Romans Bible Study Lesson 8

Printer friendly version


Justification Apart from the Law

Romans 4:1—8

Beginning with 3:21 Paul argues that our righteousness is made available outside the realm of the Mosaic Law. The “But now” in verse 31 draws a line between the “back then” of the Gospel of the Kingdom and the “now” of the Gospel of the Grace of God. This righteousness was actually put into place with the death, burial and resurrection of Jesus Christ but was made manifest (revealed) to us only after Paul’s conversion. This righteousness is available to all those who believe whether Jew or Gentile. As we continue into Romans 4 Paul gives examples of God’s righteousness being imputed apart from the Law.


Justification before the Law was given

Verse 1

Our justification and God’s imputation of righteousness is done outside of the constraints of the Mosaic Law. The Law defined sin and actually brought sin to life making our sin more sinful (Romans 7:8—13) but it was powerless to help us live a righteous life.

Paul turns to the Jews and poses the question: “What did Abraham find out about justification?” Abraham is an example of one who was justified before the Law was even given. Abraham is the father of the Jewish people and is held in high esteem even today. If we can show that Abraham’s righteousness was imputed without the Law then it should be easier to convince the Jews that they too can be declared righteous without the constraints of the Law.

Verses 2—3

Paul first logically points out that if Abraham’s actions resulted in God declaring him righteous then he would have much to boast about. If God rewarded Abraham for his works, it would have been given out of debt instead of grace. We know that our salvation and the salvation of every person before and after us will be justified only by God’s grace and never through our works. We are unable to do any work that pleases God. It is only after God has imputed His righteousness that we are able to please God and that is only because God enables us to do God-honoring works. If we try to do God-pleasing things apart from God we are doing them though our own power and by our old nature. There is nothing in our old nature that is able to please God. All He wants us to do is surrender ourselves and let Him take control.

Verses 4—5

Instead of Abraham being justified through his own works, he was justified by believing God.


From this verse we see that Abraham did not believe in order to be justified but that he simply believed God. It was God who then justified him because of his believing.

It’s interesting to see how Paul quotes the Old Testament Scripture whenever possible to back up what he says. We see this in Galatians 3 where Paul shows that salvation is by grace and not Law. However, when Paul writes about Mystery truths, there is no Old Testament Scripture that can be used since it was never revealed until Paul (Ephesians 3:3—9).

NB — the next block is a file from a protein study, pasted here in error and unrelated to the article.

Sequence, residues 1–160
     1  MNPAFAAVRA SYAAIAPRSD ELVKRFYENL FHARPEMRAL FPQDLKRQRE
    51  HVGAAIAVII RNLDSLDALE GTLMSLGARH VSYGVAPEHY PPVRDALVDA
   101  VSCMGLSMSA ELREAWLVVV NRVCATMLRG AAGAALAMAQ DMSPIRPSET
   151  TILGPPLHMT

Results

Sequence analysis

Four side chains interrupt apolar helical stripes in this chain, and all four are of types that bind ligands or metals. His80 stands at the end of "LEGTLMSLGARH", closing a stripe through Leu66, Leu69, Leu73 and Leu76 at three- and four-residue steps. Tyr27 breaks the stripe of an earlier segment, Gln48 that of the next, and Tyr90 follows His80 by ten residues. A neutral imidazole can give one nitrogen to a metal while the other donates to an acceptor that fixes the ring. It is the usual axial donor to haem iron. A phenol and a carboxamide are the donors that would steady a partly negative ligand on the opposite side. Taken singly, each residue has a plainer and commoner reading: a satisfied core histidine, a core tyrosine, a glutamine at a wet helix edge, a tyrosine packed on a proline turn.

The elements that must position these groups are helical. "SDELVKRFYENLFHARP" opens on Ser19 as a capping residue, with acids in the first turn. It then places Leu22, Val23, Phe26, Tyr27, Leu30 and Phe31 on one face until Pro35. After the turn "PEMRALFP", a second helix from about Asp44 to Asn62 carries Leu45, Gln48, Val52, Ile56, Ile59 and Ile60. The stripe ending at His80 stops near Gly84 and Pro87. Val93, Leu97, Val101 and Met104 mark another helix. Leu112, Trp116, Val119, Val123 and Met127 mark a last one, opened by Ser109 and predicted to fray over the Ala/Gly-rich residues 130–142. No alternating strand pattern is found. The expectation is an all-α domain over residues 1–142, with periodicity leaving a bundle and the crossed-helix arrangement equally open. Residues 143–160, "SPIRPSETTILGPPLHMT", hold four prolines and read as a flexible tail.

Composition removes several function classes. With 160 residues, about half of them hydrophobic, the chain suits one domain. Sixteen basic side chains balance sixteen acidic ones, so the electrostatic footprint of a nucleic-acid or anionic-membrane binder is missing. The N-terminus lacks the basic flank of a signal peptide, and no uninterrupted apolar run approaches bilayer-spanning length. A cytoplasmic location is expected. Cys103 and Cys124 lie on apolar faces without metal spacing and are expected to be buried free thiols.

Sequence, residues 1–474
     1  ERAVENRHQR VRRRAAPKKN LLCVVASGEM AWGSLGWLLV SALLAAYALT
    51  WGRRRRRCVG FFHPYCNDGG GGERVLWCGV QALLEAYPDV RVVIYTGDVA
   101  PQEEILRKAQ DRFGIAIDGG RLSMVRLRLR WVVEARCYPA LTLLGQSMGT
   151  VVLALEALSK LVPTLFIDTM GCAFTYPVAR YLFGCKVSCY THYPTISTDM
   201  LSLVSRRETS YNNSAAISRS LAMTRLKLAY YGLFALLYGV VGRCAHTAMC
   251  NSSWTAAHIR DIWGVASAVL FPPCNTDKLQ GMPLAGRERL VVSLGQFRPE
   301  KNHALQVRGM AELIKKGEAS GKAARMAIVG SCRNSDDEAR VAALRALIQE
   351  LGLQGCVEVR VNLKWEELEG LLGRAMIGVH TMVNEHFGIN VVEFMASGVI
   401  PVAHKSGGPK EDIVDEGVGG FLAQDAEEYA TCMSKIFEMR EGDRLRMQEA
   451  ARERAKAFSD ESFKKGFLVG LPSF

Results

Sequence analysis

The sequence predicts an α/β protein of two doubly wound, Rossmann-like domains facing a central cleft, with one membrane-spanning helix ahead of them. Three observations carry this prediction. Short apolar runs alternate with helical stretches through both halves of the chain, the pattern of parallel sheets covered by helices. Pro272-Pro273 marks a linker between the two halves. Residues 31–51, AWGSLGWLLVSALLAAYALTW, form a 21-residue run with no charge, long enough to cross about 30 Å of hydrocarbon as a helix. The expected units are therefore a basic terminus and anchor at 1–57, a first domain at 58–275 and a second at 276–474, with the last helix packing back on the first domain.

Abraham did no works for his justification, he only did what God told him to do by faith. By nature, Abraham was a completely depraved sinner with no conscious desire to follow God, lacking the nature to please God even if he desired to do so (Romans 3:11). It could only have been a work of God upon Abraham that would give him the ability to believe and by believing he would then be declared righteous. If it were by a work of Abraham then God would have been held in debt to Abraham and would be liable to impute His righteousness upon him. This is contrary to what this verse says.

Verse 5 makes is clear that our justification is not some of God’s work mixed with our work. It is either one or the other. Works produces debt while Grace leads to righteousness. Of course righteousness is completely God’s work. He is the sole provider of justification to the ungodly. By nature, man is completely devoid of any godly thought or action, incapable of reaching out to God and lacking any desire to do so. God deals with the unbeliever by giving him the ability to believe. All will be held personally responsible to believe because Christ died for all mankind and made it possible for all to respond to the message of the Gospel.

To put it another way, there are three possible ways God could have imputed righteousness:

1. Allow man to make the decision apart from God. This would involve a work of man thus making salvation possible through works. It would also give absolutely no security in salvation since it would be obtained by works and therefore could be lost by lack of works. God would impute righteousness when man did works that pleased Him and take it away when man’s works were lacking.

2. Have God save all people. This is universalism. The Bible never speaks of everyone eventually becoming saved. (Although Israel is promised that all will be saved (Romans 11:26), however, this is after 2/3rds of Israel have been cut off (Zechariah 13:8) making all of remaining Israel saved.)

3. Have God extend salvation to all men and then give them the ability to respond to His gift. This makes man completely responsible for their actions. Those who reject the light given them will have no retort when standing at the Great White Throne of judgment.


Justification while the Law was in effect

Verses 6—8

Paul turns from Abraham to David to give an example of justification while the Law is in effect. As with Abraham who was declared righteous before the Law was given, David was declared righteous without doing the works of the Law.